I think it's a question of getting the balance right. If the piezo disc is large (i.e. inner diameter of F is much larger than outer diameter of A), it will produce a large output but the head may wobble. If it is small (inner diameter of F not much larger than outer diameter of A), it will be much more rigid but produce a smaller output. I think the same will apply to any design, except for designs that use some other means to constrain the relative movement of the hot end and the effector to be in the Z direction only.

    The diameter A is about 16mm on my E3Dv6 and I expect the arrangement to be very sensitive because of the direct contact between the hot end and the piezo. That's why I think a piezo for which the outer diameter of the element (which should be slightly smaller than the inner diameter of F) is 20mm may be large enough. But I could be completely wrong.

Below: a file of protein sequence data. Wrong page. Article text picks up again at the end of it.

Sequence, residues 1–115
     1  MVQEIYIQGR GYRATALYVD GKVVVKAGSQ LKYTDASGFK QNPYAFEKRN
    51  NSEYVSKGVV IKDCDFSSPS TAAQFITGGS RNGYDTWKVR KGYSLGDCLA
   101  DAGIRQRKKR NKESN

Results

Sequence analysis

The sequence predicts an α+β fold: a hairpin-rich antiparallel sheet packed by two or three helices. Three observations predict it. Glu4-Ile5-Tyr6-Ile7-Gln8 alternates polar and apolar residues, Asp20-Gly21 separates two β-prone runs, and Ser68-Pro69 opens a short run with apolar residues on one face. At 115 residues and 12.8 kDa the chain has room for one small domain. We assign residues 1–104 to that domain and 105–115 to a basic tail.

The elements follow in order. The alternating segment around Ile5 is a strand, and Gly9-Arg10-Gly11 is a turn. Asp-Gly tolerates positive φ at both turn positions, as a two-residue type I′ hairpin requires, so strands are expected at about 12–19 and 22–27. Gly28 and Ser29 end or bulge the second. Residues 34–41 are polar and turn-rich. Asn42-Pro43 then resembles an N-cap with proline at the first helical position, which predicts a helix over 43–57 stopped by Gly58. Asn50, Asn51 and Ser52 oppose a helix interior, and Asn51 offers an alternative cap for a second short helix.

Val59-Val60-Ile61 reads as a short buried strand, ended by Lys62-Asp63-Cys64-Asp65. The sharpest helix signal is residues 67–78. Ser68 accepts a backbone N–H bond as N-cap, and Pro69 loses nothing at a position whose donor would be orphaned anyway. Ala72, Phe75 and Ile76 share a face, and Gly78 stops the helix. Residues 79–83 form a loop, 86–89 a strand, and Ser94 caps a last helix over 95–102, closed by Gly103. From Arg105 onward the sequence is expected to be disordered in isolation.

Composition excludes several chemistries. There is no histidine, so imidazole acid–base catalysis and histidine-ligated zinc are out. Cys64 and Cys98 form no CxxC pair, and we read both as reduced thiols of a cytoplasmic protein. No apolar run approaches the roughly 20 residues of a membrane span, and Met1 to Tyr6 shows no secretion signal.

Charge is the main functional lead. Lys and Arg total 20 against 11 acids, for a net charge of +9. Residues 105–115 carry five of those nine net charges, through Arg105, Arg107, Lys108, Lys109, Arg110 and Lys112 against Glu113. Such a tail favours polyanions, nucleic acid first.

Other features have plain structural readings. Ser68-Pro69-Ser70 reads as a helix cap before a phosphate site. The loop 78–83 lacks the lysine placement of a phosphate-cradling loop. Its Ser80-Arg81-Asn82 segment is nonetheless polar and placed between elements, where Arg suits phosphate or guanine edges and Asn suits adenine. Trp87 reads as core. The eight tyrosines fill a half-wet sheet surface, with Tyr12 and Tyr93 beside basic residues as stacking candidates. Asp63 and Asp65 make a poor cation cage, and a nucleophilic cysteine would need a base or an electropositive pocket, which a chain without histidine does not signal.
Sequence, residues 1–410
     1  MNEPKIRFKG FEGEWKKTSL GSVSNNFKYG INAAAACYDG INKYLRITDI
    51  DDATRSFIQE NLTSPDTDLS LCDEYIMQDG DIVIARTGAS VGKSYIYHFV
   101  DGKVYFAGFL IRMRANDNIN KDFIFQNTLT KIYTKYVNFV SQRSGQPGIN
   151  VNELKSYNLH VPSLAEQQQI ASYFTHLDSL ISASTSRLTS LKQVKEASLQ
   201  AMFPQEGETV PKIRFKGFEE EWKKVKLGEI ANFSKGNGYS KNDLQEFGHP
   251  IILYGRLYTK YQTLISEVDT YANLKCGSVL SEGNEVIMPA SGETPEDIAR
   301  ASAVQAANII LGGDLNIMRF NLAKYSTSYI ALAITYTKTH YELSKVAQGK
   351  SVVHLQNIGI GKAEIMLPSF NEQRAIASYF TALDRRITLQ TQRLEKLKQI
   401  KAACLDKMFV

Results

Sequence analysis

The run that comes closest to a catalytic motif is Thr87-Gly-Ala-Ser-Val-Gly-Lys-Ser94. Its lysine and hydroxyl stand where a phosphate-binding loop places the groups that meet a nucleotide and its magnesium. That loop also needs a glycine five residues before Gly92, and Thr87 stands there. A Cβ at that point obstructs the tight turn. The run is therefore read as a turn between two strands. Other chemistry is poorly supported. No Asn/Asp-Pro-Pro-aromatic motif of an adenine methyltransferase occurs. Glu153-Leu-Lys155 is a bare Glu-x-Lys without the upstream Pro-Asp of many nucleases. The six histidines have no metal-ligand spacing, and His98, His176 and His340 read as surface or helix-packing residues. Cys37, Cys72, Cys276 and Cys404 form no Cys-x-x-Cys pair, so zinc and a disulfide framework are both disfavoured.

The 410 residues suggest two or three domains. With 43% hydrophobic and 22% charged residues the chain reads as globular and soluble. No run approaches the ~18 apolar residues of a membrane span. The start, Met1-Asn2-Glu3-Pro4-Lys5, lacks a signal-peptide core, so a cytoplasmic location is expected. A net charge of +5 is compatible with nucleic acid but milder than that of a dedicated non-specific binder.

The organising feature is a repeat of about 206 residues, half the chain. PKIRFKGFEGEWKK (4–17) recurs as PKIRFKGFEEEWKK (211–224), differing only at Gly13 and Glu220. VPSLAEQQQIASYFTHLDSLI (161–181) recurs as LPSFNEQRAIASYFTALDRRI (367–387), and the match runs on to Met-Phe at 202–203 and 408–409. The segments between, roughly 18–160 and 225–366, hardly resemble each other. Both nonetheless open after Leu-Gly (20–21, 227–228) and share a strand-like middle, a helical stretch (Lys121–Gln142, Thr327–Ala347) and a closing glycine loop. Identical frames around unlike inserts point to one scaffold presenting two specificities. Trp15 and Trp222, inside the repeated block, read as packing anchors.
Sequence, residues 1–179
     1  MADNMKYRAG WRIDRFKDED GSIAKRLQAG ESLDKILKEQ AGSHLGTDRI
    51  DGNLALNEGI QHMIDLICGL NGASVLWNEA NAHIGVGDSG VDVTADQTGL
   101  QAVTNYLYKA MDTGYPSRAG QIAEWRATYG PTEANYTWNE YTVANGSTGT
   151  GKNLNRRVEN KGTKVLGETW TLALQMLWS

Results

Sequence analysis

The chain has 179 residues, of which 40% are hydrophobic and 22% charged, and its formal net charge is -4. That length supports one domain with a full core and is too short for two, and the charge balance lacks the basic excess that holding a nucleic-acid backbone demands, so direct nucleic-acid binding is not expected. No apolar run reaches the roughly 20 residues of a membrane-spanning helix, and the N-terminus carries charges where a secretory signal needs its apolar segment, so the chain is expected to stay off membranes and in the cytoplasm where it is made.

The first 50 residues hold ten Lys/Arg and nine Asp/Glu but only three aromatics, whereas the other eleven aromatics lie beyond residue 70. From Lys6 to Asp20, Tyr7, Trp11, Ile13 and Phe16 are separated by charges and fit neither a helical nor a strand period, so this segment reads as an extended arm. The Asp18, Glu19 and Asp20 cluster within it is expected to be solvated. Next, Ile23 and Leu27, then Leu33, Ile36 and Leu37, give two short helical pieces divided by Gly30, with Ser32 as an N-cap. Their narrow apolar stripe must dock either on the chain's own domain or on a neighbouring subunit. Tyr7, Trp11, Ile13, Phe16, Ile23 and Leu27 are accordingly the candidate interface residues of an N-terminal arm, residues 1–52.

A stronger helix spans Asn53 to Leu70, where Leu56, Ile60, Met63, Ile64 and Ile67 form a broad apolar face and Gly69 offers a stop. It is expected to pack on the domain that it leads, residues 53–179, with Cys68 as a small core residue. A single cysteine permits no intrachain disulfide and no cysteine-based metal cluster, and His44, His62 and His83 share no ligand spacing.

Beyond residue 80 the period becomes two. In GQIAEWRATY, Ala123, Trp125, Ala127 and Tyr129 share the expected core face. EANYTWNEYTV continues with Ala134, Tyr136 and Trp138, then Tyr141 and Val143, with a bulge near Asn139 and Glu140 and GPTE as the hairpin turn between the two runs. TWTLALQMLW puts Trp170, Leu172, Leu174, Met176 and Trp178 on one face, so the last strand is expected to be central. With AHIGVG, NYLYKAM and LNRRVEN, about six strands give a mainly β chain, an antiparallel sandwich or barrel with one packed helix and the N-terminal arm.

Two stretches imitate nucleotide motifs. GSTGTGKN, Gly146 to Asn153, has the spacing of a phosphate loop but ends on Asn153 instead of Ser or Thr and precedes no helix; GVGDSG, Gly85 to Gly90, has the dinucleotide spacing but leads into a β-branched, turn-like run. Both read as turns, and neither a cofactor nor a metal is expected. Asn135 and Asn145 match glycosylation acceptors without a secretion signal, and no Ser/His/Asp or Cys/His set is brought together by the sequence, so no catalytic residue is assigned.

There is also the risk that a high-speed head crash could break the piezo element. I don't think this is very likely because of the brass backing. However, the ring F could be made to come over the top of the inner 3 screws so that it acts as a stop if the hot end gets pushed too high.

    I guess another option that avoids tapping the E3D and drilling more than 1 hole in the piezo is to epoxy the brass substrate of the piezo to the top of the insulator, and epoxy the bottom of the insulator to the top of the hot end heatsink. Bonding epoxy to aluminium can be tricky, but I have read that sanding followed by wiping with IPA helps, so does sanding followed by etching in citric acid.

    PS - thinking about it some more, it may be acceptable to bond or screw the piezo element directly to the top of the hot end heatsink, and design the electronics to survive a short between the piezo and +24V.